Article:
Where is the money that the city promised to the Parks and Recreation department?
That’s what members of city council and the Philadelphia Parks Alliance asked during a gathering at City Hall on Wednesday, May 16.
Four years ago, the city approved a 20 percent tax on parking charges for anyone using a garage or parking structure in Philadelphia.
The department never saw a penny of these funds.
To support local parks, neighbors have partnered with area businesses, like at Hetzell’s playground at Thompson Street and Columbia Avenue, where advertising has helped defray costs.
But John Consolvo, vice president of the Fishtown Neighbors Association — who was in attendance last week — said that while outside funding worked at Hetzell’s playground, he supported the Parks Alliance’s push for new funding because in the riverwards, parks mean so much to the community.
“When you live in the city, you don’t have yards. So, where else are you going to meet?” he asked.
“Parks mean community,” agreed FNA’s Kristie Landry.
The funds generated through the parking tax were meant to be set aside for the Parks and Recreation departments — the two departments that merged in 2010 — and, according to numbers presented by the Philadelphia Parks Alliance last week, would have provided about $8 million to the city’s parks.
Instead, that money went into the city’s general fund. This parking tax is still collected and the money still goes into the general fund.
Last week, Lauren Bornfriend, director of the Philadelphia Parks Alliance, lamented the loss of funding and asked council members to take a hard look at the parks’ budget.
“[Parks and Recreation] has suffered decades of neglect and now, four years of broken promises,” she told a gathered audience last Wednesday.
Bornfriend said that the funding isn’t enough to support the 609 employees of the department, who need to maintain 156 recreational facilities, 254 playgrounds, 405 ball fields, 465 basketball courts, 70 pools, 220 miles of trails and other concerns spread across Philadelphia’s more than 10,000 acres of parks.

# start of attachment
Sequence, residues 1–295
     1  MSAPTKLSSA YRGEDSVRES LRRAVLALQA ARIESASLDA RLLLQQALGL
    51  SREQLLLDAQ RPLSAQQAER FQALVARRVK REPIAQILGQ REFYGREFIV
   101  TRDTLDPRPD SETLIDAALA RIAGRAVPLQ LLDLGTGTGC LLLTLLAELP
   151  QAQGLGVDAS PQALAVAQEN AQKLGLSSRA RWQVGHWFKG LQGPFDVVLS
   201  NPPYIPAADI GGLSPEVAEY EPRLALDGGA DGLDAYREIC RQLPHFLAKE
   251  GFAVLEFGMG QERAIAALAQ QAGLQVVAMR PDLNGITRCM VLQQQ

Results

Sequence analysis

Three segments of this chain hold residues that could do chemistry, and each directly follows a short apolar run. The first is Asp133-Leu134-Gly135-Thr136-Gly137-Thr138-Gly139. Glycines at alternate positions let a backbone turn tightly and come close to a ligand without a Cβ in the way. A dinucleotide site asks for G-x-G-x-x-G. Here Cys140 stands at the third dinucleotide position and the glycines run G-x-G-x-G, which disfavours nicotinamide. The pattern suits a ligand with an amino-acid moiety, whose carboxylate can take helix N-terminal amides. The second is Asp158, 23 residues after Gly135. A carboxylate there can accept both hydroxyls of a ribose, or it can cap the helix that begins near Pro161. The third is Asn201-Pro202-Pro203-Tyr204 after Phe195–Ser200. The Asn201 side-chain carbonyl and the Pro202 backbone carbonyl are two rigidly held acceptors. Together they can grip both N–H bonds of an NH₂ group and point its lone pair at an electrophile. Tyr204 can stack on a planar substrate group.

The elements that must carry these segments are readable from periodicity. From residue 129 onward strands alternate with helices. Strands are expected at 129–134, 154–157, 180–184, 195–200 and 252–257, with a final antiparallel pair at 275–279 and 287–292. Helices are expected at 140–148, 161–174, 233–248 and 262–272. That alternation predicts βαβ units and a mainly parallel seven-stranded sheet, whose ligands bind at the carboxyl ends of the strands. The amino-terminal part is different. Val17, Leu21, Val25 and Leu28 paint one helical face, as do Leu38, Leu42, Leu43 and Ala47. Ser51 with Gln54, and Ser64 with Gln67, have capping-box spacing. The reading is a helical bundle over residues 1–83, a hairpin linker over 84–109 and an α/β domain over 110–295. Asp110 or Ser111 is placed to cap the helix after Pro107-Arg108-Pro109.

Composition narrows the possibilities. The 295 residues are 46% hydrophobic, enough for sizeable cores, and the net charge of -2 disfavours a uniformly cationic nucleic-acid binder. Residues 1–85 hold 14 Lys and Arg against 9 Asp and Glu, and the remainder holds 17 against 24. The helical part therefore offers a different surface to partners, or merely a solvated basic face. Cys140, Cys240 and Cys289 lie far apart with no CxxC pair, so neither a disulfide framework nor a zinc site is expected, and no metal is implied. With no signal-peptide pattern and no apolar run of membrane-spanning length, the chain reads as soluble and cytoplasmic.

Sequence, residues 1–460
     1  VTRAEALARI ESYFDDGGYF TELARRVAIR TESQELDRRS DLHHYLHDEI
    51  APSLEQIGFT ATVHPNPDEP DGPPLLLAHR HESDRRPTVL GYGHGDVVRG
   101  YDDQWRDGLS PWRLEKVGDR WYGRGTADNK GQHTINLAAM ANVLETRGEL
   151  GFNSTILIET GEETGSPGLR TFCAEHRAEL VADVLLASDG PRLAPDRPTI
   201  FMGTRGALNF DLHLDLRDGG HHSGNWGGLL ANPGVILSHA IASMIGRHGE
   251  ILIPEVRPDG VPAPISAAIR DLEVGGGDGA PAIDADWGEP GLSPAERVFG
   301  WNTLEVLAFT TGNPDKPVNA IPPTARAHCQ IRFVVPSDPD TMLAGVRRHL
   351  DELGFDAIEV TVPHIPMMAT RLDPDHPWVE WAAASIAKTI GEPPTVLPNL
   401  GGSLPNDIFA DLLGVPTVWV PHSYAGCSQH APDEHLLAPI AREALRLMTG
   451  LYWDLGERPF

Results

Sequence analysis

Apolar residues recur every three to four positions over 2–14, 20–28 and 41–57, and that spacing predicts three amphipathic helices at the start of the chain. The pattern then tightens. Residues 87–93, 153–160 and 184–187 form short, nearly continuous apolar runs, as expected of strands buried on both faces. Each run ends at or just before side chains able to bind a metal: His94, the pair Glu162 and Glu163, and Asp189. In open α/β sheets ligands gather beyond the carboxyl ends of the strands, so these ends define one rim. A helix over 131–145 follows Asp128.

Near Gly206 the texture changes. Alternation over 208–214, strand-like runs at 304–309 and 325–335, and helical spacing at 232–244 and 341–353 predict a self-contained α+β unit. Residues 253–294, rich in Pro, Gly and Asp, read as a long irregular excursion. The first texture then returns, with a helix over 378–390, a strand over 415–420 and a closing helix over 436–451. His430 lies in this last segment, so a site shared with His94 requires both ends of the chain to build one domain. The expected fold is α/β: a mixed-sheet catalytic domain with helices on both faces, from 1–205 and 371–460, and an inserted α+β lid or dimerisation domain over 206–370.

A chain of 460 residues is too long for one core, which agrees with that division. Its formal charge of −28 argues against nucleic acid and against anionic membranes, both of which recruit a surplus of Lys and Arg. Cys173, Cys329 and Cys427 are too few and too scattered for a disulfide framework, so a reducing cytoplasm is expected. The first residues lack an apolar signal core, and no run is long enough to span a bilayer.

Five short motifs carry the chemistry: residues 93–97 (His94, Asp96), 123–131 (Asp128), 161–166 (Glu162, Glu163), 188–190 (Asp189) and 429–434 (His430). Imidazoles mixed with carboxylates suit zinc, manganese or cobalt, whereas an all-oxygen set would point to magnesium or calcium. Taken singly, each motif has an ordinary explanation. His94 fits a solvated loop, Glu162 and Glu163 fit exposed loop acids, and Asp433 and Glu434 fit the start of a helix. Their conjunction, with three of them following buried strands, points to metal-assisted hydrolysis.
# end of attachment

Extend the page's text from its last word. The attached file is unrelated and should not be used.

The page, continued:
Next year’s proposed budget for the department — currently set at $47.8 million — she said, is actually less than the proposed figure, as it includes about $2.1 million that the department previously received from other sources.
She reminded those in attendance that in 2009, Mayor Michael Nutter and City Council approved a $56 million operating budget for Parks and Recreation.
Instead, due to the economic downturn, next year’s budget would actually amount to about $45.7 million — one of the lowest in the last ten years.
Several councilmembers, including Mark Squilla (D-1st dist.) were in attendance at last week’s event to find ways to bridge the parks’ “significant funding gap.”
Councilman Squilla had an idea of his own in order to raise the additional funding for the department.
He looked at parking to raise funds, but this time focusing on parking violations. He suggested an additional $2 surcharge to parking tickets, which would bring in about $2 million a year in new funding.
However, due to a parking fine surcharge that’s already on the books, revenue from any surcharge to PPA fines might need to be split between the School District and the city’s general fund.
Squilla said his office has heard “conflicting legal opinions” about what would happen with any funds generated through his idea for a $2 surcharge on parking tickets.
He said his office is now looking into this issue.
“If we do not fix this now, things will just cost double, triple to fix down the road,” he said of the Parks and Rec. budget.
Squilla said anyone with ideas is welcome to contact his office with proposals to raise funding for the Parks and Rec. department.
Star Staff Reporter Hayden Mitman can be contacted at 215–354–3124 or firstname.lastname@example.org.